Thomas Annan

Close, No. 46 Saltmarket, from Old Closes and Streets of Glasgow (1868 - 1871)

About this artwork

In 1868 the City of Glasgow commissioned Thomas Annan to photograph the run-down buildings and closes of the old town before their destruction in a large urban improvement scheme. It was a difficult task, because light levels in these built-up, overcrowded slums were very low. Hence exposure times had to be increased, which made it harder to create sharp, well-defined images. In this photograph, many of the carefully grouped and positioned children appear blurred as they will have moved while the photograph was taken. However, the boy with his hands on his hips stands out from the rest. His strong, clear-cut figure appears to challenge his squalid surroundings and gives the viewer a sense of hope and indestructibility.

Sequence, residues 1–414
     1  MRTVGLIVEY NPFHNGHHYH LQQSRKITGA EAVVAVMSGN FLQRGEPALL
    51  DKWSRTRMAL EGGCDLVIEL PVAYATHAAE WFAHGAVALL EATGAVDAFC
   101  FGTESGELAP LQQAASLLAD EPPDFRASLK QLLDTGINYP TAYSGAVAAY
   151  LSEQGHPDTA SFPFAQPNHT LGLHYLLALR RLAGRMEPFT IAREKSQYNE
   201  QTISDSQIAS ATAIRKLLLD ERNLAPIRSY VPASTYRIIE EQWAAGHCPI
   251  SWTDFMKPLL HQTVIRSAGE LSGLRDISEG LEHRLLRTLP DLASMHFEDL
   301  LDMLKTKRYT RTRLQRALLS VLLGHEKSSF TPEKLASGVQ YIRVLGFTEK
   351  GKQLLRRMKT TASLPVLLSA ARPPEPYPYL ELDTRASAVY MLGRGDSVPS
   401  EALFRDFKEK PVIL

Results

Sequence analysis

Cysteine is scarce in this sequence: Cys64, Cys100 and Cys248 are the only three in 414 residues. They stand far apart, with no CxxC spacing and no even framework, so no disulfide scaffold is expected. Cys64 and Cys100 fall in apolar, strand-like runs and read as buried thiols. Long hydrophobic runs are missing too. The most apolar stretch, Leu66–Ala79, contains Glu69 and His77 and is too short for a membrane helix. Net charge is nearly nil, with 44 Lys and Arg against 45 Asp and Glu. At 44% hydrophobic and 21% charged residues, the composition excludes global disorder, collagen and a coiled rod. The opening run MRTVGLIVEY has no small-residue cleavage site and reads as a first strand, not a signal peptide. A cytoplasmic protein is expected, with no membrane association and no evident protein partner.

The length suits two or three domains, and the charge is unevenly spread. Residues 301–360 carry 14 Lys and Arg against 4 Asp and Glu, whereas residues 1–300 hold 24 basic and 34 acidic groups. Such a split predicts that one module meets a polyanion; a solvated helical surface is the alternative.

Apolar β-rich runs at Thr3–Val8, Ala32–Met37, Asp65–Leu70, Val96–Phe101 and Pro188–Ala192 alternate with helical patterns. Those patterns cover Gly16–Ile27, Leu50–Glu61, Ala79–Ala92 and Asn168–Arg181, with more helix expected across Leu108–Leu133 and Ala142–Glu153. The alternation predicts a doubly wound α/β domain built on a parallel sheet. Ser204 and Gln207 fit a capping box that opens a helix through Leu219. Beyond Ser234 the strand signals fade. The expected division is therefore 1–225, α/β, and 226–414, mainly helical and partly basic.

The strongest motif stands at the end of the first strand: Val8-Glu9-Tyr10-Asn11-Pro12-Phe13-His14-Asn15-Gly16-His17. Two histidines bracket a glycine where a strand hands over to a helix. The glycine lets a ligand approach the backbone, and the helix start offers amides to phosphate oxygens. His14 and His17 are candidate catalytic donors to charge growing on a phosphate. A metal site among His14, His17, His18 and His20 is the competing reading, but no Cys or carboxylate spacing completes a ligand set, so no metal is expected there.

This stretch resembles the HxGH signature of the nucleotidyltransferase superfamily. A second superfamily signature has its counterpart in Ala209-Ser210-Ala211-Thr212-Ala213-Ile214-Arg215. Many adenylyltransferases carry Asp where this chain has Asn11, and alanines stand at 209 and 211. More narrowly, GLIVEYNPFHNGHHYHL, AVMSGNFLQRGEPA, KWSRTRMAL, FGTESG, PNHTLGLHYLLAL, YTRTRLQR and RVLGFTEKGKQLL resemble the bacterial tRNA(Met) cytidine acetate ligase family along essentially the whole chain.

Thomas Annan

Thomas Annan

Having begun his career as a lithographic writer and engraver on a local newspaper in Fife, Thomas Annan set up a studio as a professional photographer in 1855. He founded his own photographic printing works in Hamilton in 1859 and by 1862 had begun to establish a reputation for photographing works of art. In 1866 he purchased the carbon process patent rights for Scotland and in 1883 he secured the British rights for photogravure. Between 1868 and 1871 he executed a commission from the City of Glasgow to photograph the slums of the old town before their demolition.